(This is an article I wrote back in 2001. Still very relevant!)
It’s said that there are two types of French people. The French and the Parisians. Add on top of this, the fact that they’re all of Latin blood and then you can understand why they have a reputation for driving badly.
I suppose that Paris can be broken down into various sections. Paris, the Peripherique, Bikers and Cage drivers. So, I’ll do it like that.
Paris, itself, is circled by the Peripherique. Most of the roads inside of Paris tend to have heavy traffic. Pretty much the same as London, I suppose. The main differences being that there are loads of cobblestone roads, priority to the right at most (not all) junctions and dodgy roundabouts.
If there’s one thing that the French haven’t mastered, that’s roundabouts. Take a trip up the Champs Elysee (cobblestones), up to the Arc de Triomphe and hammer it on! Well, maybe not. True, you have priority going on to the Place Charles de Gaulle Etoile (its official name) but there is always some pillock that realises that they are bigger than you. Also bear in mind that you have to have your head looking to the right all the time, watching for people creeping up behind you and to your right.
The Arc de Triomphe is not the rule for roundabouts as there are proper roundabouts around the place. Not many, but there are. Two things to remember. Number one is watch out for markings on the road. French roundabouts that have priority to those that are coming on, tend to have either nothing marked on the entrance to the roundabout *or* there are give way lines marked on the roundabout, coming out from the centre. Number two is that once you leave Paris (and its suburbs), all roundabouts are standard, give-way-before-you-come-on types.
Always abbreviated to ‘the Periph’, it’s the border of Paris. Anything inside the Peripherique is Paris, anything outside, isn’t. The highlight of any ride to Paris. 35km of three lanes of pure hell. A road designed in the 70’s with the traffic of the 21st century. Oh, and 70’s junctions to match.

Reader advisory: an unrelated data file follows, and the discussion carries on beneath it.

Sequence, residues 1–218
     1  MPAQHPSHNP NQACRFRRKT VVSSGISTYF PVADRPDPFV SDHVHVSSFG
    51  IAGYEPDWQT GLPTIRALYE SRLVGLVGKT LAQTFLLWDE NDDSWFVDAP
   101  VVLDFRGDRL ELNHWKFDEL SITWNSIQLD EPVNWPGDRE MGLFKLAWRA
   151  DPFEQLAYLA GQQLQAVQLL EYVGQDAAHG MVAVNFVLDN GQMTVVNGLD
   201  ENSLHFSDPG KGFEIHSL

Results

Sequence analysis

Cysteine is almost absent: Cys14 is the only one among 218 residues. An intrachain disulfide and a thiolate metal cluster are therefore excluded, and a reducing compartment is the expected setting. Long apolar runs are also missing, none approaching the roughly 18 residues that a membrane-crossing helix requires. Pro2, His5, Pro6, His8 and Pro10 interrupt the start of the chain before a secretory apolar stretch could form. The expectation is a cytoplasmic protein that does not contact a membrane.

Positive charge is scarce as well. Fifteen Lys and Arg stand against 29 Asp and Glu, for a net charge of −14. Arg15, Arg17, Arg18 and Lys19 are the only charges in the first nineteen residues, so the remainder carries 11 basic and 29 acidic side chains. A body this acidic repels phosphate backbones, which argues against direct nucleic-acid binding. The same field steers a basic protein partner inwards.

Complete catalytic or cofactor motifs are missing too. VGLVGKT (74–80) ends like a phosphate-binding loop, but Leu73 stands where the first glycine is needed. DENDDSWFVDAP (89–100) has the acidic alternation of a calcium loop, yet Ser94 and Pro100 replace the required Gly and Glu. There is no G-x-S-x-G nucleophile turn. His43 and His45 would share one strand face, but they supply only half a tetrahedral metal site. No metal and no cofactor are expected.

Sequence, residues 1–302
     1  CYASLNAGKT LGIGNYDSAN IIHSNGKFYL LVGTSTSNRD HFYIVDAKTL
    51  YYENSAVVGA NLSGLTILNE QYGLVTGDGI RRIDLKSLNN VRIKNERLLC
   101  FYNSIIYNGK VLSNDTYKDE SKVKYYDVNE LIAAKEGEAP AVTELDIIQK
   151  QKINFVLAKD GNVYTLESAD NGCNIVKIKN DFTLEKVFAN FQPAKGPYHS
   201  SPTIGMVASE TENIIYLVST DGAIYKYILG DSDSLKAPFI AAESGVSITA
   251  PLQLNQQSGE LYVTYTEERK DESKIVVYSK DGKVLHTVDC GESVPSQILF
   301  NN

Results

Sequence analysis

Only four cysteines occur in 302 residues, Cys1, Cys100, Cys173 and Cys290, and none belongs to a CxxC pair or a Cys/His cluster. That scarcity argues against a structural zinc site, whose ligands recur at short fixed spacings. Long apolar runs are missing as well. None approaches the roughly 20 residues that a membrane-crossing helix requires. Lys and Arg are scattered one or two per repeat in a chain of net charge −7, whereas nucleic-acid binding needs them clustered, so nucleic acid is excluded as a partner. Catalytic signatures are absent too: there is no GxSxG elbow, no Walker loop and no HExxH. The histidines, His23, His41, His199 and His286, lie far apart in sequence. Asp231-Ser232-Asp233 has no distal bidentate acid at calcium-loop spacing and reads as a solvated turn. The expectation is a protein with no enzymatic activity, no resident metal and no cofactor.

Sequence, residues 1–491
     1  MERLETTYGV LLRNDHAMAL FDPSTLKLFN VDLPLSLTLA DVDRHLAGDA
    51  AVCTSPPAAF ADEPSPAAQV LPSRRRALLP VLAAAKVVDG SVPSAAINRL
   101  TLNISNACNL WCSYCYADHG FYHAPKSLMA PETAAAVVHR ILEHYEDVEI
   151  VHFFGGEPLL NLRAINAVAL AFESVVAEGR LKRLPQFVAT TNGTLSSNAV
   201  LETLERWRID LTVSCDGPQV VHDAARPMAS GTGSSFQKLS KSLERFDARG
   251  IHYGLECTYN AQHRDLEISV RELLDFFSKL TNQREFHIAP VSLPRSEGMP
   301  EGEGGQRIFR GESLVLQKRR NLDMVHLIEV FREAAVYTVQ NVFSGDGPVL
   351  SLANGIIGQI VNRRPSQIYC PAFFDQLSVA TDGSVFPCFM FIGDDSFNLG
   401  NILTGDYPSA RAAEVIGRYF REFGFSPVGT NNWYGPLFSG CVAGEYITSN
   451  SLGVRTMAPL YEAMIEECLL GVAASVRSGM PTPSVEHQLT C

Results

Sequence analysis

This could be considered the M25 of France, but smaller. Journey times of 1hr+ to do 12km in the rush hour are quite conveniently pointed out on information panels above the lanes. Very accurate too. Unless, of course, you’re on a bike. Coming onto the Periph, you have priority At each junction, traffic is filtered into one lane to arrive neatly
onto the Periph. It’s in these areas that you’ll find the *cough* bike entrances. That is, the chevroned areas that cages have no access to This is where riding a bike comes into its own.
Bikers in this city, come in all shapes and sizes. The minimum age to ride from the typical French courier on the moped, with the 6ft fairing, through to Businessmen riding around on GSXR’s whilst wearing suits. Very much a breed of people that all stick together.
In this city, Bikers (and in this, I include moped riders) know that they go places and they know that they do it quicker than cage drivers. This friendly race of people tends to give you signs relating to this all the time. Watch out for the right leg being stuck out or the ‘V’ from the left hand as they go past. General signs meaning “Wotcha” or “Tar Muchly”. Queues of bikers sometimes congregate on the Periph as they all filter through the fast lanes. You may find that once in a while, you’ll be blinded in your mirrors. This’ll be a biker using full beam whilst filtering. Also a neat little sign meaning, “move over”. So top tip for the day, is always watch your mirrors, as there will always be some impatient bugger wanting to go faster than you. If you’re unlucky enough to be in a cage, and a biker thinks you’re being inconsiderate to other two wheelers, watch out for the signals as in a hand making a pushing movement or even a friendly kick. 🙂
This quite tidily brings me onto the subject of cage drivers in the city. A breed unto themselves. French cage drivers are generally impatient, stressed and hang around in places like traffic jams. The average French cage driver can be found on the Periph, reading a newspaper, playing on a computer or talking on the phone whilst wobbling around the place. Fair dues to them. Sometimes they do move over when bikes filter up between the lanes, but by no means, is this
a signal to go like a bat out of hell. This is also the city where there are loads of blind drivers, those that think indicators are optional extras and those that change lanes at 90°. To see an undented or unscratched car in this city is quite a rarity. If you see one, it’s probably new. 🙂
This is where I’ll bring this article to a close. Paris is an excellent place to visit and most people are friendly. Driving in the city is an experience that no one should miss. I just hope the stuff above, gives you a bit of an insight.
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